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In the cure of this affection, two things must be taken care of:—In the first place, nature must be stimulated to expel these hurtful humours which obscure the senses, so that the woman may be brought back from that sleepy fit. Secondly, during the intervals of the attack, proper remedies must be employed, in order to remove the cause.
To stimulate nature, apply cupping-glasses to the hips and navel: apply ligatures to the thighs, rub the extremities with salt, mustard and vinegar, and shout and make a great noise in her ears. Hold asafoetida to the nose, or sacopenium steeped in vinegar; make her sneeze by blowing castor-powder, white pepper and hellebore up her nose; hold burnt feathers, hair, leather, or anything else with a strong, stinking smell under her nose, for bad odours are unpleasant to nature, and the animal spirits so strive against them, that the natural heat is restored by their means. The brain is sometimes so oppressed, that it becomes necessary to burn the outer skin of the head with hot oil, or with a hot iron, and strong injections and suppositories are useful. Take a handful each of sage, calamint, horehound, feverfew, marjoram, betony and hyssop; half an ounce of aniseed; two drachma each of coloquintida, white hellebore and salgem; boil these in two quarts of water till reduced to half; add two ounces of castor oil and two drachms of hiera piera and make an injection of it. Or take two ounces of boiled honey, half a scruple of spurge, four grains of coloquint, two grains of hellebore and drachm of salt; make a suppository. Hippocrates mentions a hysterical woman who could only be relieved of the paroxysms by pouring cold water on her: yet this is a strange cure, and should only be administered in the heat of summer, when the sun is in the tropic of Cancer.
If it be caused by the retention and corruption of the seed, let the mid-wife take oil of lilies, marjoram and bay leaves, and dissolve two grains of civet in them, and the same quantity of musk, and at the moment of the paroxysm let her dip her finger into the mixture and put it into the neck of the womb, and tickle and rub it with it.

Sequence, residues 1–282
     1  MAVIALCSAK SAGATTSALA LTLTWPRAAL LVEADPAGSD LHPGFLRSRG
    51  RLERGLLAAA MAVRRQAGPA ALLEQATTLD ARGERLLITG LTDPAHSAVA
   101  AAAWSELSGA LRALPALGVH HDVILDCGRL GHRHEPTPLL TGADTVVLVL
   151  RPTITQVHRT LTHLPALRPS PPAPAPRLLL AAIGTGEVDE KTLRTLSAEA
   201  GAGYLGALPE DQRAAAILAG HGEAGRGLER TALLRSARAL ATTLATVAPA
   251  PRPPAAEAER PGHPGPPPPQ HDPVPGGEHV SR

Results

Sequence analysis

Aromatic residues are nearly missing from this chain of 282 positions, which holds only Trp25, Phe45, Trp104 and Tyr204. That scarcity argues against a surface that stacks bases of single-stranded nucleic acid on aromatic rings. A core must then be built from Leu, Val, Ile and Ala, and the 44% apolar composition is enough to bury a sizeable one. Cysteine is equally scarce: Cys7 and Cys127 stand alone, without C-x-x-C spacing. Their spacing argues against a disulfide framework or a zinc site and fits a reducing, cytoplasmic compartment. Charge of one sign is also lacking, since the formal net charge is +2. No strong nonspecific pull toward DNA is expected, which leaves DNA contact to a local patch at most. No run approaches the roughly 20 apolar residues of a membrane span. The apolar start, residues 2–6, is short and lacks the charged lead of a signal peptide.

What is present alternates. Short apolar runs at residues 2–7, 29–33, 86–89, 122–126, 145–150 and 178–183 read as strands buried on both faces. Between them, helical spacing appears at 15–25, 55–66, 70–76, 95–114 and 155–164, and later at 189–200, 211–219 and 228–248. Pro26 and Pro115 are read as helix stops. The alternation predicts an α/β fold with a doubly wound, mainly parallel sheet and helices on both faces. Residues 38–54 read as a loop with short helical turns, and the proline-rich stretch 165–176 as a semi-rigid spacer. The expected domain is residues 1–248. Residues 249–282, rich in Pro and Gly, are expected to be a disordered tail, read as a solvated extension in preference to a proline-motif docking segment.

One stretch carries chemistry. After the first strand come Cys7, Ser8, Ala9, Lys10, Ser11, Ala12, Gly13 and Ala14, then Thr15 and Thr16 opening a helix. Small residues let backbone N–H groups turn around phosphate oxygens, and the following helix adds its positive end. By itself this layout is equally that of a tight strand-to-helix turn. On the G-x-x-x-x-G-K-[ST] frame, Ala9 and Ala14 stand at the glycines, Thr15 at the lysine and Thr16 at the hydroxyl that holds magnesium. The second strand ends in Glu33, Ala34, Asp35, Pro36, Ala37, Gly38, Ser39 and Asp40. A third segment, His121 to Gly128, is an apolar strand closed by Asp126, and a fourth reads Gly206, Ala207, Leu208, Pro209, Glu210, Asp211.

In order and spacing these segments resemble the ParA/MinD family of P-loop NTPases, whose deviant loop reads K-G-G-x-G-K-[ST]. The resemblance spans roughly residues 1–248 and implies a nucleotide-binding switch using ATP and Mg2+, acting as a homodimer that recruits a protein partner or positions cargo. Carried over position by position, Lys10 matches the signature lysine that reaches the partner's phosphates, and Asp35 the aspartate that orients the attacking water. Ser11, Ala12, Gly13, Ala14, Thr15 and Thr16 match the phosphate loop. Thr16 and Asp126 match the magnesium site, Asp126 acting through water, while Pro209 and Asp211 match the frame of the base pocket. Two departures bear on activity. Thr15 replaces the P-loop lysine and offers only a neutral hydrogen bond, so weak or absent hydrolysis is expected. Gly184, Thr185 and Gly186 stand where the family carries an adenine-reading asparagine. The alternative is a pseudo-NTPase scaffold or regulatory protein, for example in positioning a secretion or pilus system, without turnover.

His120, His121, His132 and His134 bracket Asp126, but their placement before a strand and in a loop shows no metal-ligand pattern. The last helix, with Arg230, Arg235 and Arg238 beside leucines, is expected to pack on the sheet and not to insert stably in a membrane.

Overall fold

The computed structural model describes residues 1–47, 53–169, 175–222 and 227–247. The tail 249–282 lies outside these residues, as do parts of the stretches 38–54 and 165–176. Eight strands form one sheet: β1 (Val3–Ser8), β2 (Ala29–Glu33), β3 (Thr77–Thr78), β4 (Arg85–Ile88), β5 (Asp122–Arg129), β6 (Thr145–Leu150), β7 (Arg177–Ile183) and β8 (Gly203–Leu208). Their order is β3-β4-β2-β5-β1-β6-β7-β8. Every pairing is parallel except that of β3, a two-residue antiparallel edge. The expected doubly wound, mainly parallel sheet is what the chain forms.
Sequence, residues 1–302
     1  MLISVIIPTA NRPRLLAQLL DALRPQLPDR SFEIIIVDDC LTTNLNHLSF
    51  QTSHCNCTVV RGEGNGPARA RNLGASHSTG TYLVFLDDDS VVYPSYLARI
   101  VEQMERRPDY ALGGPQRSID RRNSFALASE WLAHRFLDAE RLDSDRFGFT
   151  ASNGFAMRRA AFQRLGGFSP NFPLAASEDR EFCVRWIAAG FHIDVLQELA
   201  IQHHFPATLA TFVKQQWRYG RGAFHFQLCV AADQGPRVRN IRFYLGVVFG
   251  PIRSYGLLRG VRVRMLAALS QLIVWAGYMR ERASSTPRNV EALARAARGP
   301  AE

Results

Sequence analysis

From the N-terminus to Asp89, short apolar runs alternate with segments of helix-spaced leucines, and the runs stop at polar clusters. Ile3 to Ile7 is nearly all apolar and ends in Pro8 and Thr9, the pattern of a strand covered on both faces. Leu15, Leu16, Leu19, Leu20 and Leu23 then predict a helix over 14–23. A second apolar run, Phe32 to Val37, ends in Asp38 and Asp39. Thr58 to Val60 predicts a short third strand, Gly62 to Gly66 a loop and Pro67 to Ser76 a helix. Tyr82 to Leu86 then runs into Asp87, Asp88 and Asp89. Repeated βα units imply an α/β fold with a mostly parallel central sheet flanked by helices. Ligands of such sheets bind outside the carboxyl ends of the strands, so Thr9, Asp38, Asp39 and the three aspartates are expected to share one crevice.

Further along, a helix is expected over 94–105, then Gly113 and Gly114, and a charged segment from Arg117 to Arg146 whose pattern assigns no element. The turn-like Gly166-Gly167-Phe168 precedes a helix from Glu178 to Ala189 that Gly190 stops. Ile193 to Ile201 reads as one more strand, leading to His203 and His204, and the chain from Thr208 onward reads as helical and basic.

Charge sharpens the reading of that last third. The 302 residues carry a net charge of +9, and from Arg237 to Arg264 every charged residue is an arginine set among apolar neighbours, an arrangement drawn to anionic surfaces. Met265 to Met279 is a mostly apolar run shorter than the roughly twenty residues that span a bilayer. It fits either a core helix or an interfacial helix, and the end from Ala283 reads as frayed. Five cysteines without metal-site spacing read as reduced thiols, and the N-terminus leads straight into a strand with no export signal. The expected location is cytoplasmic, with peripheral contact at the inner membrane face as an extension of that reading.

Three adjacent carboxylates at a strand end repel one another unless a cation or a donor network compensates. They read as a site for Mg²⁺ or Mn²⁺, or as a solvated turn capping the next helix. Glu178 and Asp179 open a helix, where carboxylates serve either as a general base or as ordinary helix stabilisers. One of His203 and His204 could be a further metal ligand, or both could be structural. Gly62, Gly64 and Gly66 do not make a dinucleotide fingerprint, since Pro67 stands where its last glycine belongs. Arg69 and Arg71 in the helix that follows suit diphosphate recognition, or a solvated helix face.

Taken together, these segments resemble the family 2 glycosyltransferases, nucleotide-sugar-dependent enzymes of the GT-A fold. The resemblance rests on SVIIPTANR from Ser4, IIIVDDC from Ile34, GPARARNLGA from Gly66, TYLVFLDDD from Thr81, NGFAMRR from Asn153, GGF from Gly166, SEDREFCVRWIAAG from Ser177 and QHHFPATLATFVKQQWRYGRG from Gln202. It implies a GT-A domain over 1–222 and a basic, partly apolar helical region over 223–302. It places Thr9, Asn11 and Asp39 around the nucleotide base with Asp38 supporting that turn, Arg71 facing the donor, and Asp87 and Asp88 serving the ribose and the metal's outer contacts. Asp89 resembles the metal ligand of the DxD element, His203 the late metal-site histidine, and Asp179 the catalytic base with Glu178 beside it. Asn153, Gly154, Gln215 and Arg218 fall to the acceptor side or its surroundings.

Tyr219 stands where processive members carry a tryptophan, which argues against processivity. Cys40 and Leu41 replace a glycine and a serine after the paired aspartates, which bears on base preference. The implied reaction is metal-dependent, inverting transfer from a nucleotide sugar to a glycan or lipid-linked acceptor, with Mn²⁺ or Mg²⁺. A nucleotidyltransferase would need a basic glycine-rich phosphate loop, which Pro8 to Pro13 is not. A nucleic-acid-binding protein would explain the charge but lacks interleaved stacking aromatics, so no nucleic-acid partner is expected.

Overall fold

When the fit is over, proceed to remove the cause. If it arises from suppression of the menses, look in Chapter XI, p. 102, for the cure. If it arises from the retention of the seed, a good husband will administer the cure, but those who cannot honourably obtain that remedy, must use such means as will dry up and diminish the seed, as diaciminum, diacalaminthes, etc. The seed of the agnus castus is highly valued as a draught, whether taken inwardly, applied outwardly or used as a suffumigation. It was held in high esteem by the Athenian women, for by its means they remained as pure vessels and preserved their chastity, by only strewing it on the bed on which they lay, and hence the name of agnus castus, which was given to it, as denoting its effects. Make an issue on the inside of each leg, four inches below the knee, and then make lozenges of two scruples of agric, half a scruple each of wild carrot seed and ligne aloes; three drachms of washed turpentine, and make a bolus with a conserve of flowers. Eight drachms of castor taken in white wine are very useful in this case, or you may make pills of it with dog's tooth, and take them on going to bed. Take an ounce of white briony root dried and cut up like carrots, put it into a little wine and place it on the fire, and drink when warm. Take one scruple each of myrrh, castor and asafoetida; four grains each of saffron and rue-seed, and make eight pills and take two every night on going to bed.